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Legacy of Valor: The Medal of Honor

Published: 5/28/2012
Nearly 6,500 American service members have died in the wars in Iraq and Afghanistan. Ten of those soldiers, the bravest of the brave, have received the Medal of Honor – seven of them posthumously. Ross McGinnis, Jared Monti, Robert Miller, Paul Smith, Jason Dunham, Michael Murphy and Michael Monsoor all gave their lives in service to their country, and all were awarded the United States’ highest military honor.

Ross McGinnis, Jared Monti, Robert Miller, Paul Smith (L to R)
Ross McGinnis, Jared Monti, Robert Miller, Paul Smith (L to R)




Jason Dunham, Michael Murphy, Mochael Monsoor (L to R)
Jason Dunham, Michael Murphy, Mochael Monsoor (L to R)




First signed into law by President Abraham Lincoln, the Medal of Honor was created to acknowledge military personnel who distinguished themselves through "gallantry in action, and other soldier-like qualities" during the Civil War. The medal is usually given in person by the President on behalf of Congress.

In 2008, we profiled the first four Medal of Honor recipients from the wars in Iraq and Afghanistan. Here's a look at those heroic soldiers.

Sergeant First Class Paul Ray Smith, 33, a thirteen-year veteran of the U.S. Army hailing from Tampa, Florida became the first recipient of the Medal of Honor for service in Iraq. Killed in action near the Baghdad Airport in 2003, Smith maintained an exposed position under heavy enemy fire to insure the safe withdrawal of numerous wounded soldiers. The official citation notes his "uncommon valor in keeping with the highest traditions of military service."



Smith is survived by his wife and two children, and both a post office and middle school have been named in his honor. In Smith's Guest Book, a fellow Floridian writes, "The definition of the word ‘hero' pales in comparison when you read the story of the selfless, courageous deed of Sgt. Paul R. Smith. The lives of the soldiers he saved, their children, and their yet-to-be-born descendents will ever be intertwined with this heroic man."

In January of 2007, another heroic man became the first Marine to receive the Medal of Honor since the Vietnam War. Corporal Jason Dunham, 22, was leading a patrol outside Husaybah in 2004 when an insurgent attacked during a vehicle stop. As Dunham wrestled him to the ground, the insurgent released a hand grenade. In an act of supreme bravery and selflessness, Dunham immediately threw himself upon the grenade, saving the lives of at least two fellow Marines. Dunham suffered mortal wounds and died eight days later in a military hospital in Bethesda, Maryland.



Though four years have elapsed since his passing, this hero from the tiny town of Scio, New York, is not forgotten. On the anniversary of his death, a visitor to Dunham's Guest Book writes, "Jason made an impact on many lives, those he saved, and those he touched just by being himself. We will always be grateful to Jason for being a friend to Ian, our son, and Jason's fellow Marine brother." The book The Gift of Valor: A War Story details Jason Dunham's life and sacrifice.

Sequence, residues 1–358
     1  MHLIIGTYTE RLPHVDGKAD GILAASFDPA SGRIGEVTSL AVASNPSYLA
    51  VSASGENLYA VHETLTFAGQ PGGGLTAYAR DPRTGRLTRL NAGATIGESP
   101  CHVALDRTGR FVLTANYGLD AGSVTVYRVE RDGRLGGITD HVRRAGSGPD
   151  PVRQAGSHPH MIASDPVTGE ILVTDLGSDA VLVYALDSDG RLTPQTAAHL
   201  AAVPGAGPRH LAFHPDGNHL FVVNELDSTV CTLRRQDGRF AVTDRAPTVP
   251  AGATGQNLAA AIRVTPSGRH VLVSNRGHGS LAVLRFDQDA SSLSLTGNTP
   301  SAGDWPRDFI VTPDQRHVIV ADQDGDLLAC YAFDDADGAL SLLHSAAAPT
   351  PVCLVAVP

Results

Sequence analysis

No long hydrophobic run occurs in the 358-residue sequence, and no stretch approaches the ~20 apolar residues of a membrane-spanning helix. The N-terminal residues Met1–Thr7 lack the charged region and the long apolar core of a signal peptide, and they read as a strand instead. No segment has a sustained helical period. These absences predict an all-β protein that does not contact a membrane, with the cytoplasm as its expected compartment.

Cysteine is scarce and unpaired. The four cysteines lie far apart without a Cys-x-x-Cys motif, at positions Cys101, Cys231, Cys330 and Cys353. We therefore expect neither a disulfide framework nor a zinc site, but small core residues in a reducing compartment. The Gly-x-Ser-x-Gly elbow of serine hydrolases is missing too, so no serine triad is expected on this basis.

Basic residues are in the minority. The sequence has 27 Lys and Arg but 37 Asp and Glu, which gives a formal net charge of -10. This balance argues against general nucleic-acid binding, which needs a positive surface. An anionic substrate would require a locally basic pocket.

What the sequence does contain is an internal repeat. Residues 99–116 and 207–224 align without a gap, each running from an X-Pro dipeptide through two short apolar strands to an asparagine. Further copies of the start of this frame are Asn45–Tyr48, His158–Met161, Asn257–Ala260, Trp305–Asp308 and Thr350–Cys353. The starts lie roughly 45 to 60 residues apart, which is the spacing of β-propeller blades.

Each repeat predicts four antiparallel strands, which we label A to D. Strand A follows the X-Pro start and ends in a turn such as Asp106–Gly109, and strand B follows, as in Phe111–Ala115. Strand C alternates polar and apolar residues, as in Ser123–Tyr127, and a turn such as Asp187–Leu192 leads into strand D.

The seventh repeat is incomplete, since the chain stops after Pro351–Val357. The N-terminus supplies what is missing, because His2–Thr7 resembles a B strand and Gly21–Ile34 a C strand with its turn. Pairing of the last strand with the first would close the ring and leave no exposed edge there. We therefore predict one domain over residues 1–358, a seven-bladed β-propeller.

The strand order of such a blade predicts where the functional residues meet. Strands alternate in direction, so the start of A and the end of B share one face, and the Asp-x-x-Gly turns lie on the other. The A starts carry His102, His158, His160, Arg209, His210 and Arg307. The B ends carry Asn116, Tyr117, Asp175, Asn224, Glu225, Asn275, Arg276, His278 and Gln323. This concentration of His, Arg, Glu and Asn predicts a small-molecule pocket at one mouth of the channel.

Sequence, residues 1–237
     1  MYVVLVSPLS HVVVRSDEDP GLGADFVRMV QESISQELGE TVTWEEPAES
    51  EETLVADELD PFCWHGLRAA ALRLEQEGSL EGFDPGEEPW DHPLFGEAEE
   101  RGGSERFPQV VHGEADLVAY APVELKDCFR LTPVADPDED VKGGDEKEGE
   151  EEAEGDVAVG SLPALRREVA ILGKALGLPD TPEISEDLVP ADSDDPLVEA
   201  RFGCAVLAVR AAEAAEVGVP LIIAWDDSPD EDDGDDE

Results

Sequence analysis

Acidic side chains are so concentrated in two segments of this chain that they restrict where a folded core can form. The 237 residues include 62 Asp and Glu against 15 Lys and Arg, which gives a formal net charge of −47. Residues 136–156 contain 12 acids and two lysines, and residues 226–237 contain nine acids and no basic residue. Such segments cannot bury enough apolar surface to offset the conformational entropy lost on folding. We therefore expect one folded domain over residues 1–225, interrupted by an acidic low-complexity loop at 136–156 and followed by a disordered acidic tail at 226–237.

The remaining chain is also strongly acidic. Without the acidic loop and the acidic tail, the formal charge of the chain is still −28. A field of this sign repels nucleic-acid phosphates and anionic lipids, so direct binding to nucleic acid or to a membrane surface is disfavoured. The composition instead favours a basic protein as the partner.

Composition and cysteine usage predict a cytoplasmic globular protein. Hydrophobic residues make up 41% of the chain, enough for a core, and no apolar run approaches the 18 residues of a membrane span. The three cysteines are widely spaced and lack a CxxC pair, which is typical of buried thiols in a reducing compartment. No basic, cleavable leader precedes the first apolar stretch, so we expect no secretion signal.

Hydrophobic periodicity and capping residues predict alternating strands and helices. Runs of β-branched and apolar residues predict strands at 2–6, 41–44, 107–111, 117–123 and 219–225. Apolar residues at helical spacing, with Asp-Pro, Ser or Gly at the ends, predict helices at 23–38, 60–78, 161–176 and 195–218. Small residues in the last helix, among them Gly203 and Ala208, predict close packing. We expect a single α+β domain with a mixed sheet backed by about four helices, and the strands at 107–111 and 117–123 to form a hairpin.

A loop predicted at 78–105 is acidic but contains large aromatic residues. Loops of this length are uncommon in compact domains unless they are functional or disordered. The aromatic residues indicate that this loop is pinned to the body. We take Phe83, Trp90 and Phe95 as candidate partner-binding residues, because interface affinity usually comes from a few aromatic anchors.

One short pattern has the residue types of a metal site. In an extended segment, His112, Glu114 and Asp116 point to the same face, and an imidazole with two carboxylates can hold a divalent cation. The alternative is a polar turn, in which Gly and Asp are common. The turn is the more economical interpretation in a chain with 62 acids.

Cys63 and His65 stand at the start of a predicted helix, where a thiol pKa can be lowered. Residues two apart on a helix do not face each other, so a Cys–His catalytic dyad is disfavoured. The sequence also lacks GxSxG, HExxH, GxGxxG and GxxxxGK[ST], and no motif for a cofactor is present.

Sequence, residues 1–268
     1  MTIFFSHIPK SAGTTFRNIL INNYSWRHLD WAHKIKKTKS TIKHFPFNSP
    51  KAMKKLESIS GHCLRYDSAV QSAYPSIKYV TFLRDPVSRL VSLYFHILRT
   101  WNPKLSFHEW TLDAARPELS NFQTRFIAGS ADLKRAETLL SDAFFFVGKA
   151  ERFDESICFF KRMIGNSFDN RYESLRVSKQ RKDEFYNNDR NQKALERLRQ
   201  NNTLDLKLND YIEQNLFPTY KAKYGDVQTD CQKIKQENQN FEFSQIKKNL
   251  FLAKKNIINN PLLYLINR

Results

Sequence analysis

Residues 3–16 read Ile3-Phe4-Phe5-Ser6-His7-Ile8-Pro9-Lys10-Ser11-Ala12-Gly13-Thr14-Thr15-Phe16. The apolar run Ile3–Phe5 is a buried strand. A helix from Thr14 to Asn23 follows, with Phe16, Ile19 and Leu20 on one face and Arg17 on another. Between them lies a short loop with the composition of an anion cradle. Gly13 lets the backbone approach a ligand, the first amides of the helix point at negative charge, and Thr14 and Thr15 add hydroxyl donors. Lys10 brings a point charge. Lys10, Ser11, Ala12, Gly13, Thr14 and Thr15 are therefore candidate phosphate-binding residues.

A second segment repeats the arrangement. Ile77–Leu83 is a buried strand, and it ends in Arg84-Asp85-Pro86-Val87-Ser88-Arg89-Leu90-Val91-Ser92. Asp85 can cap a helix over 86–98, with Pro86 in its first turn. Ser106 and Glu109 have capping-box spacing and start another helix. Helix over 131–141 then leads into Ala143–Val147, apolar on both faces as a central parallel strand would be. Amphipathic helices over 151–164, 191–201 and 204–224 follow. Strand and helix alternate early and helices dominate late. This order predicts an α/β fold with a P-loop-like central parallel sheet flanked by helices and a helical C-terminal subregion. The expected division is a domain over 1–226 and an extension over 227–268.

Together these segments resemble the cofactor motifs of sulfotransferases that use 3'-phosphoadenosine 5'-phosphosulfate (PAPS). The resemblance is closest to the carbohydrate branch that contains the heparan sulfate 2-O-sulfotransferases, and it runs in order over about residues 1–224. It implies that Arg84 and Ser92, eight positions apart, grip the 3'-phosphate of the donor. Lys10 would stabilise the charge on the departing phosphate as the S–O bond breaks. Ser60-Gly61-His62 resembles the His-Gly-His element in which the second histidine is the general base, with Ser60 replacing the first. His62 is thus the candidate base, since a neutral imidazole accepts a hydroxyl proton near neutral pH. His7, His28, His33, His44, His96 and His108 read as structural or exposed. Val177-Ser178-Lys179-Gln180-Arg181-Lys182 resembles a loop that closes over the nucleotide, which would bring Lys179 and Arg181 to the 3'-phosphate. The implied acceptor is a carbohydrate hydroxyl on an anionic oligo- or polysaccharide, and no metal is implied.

Also featured in a best-selling book was Lieutenant Michael P. Murphy, the first Medal of Honor winner who served in Afghanistan. Murphy, a 29-year-old U.S. Navy SEAL, was near the Pakistan border in 2005 when Afghan insurgents attacked his four-man reconnaissance team. Wounded, Murphy braved enemy fire from dozens of Taliban fighters to radio for help. An American rescue helicopter was shot down while trying to rescue Murphy's team, killing all 16 soldiers onboard. Only one member of the recon team was rescued, Marcus Luttrell, who later wrote the book Lone Survivor, which highlighted the bravery and heroism of Murphy and his team.



Murphy's father was a decorated Vietnam veteran, and his parents have shared their son's inspiring story on numerous TV shows. Lieutenant Michael P. Murphy's Guest Book contains more than 90 pages of tributes, many from people who never met the man, but have been touched and inspired by his selfless actions nonetheless.

The heroism of 25-year-old Petty Officer Second Class Michael Anthony Monsoor in many ways mirrors those of both Murphy and Dunham. Like Murphy, Monsoor was a Navy SEAL who died trying to protect his comrades. While manning a rooftop machine-gun post in the insurgent-held territory of Ar Ramadi, Monsoor, like Dunham, threw himself atop a grenade to absorb the blast, sparing the lives of three others fighting alongside him.



Tributes to Monsoor continue to pour in nearly three years after his death, and on April 8th, 2008, his parents received the Medal of Honor on his behalf from President Bush.

Sadly, each week more American service members join the hallowed ranks of those killed in action. Not every soldier will receive a Medal of Honor and the attention and praise that goes with it, but every soldier leaves a lasting legacy, and their loss is deeply felt by families and friends, by communities and by the nation.

Originally published 11/06/2008

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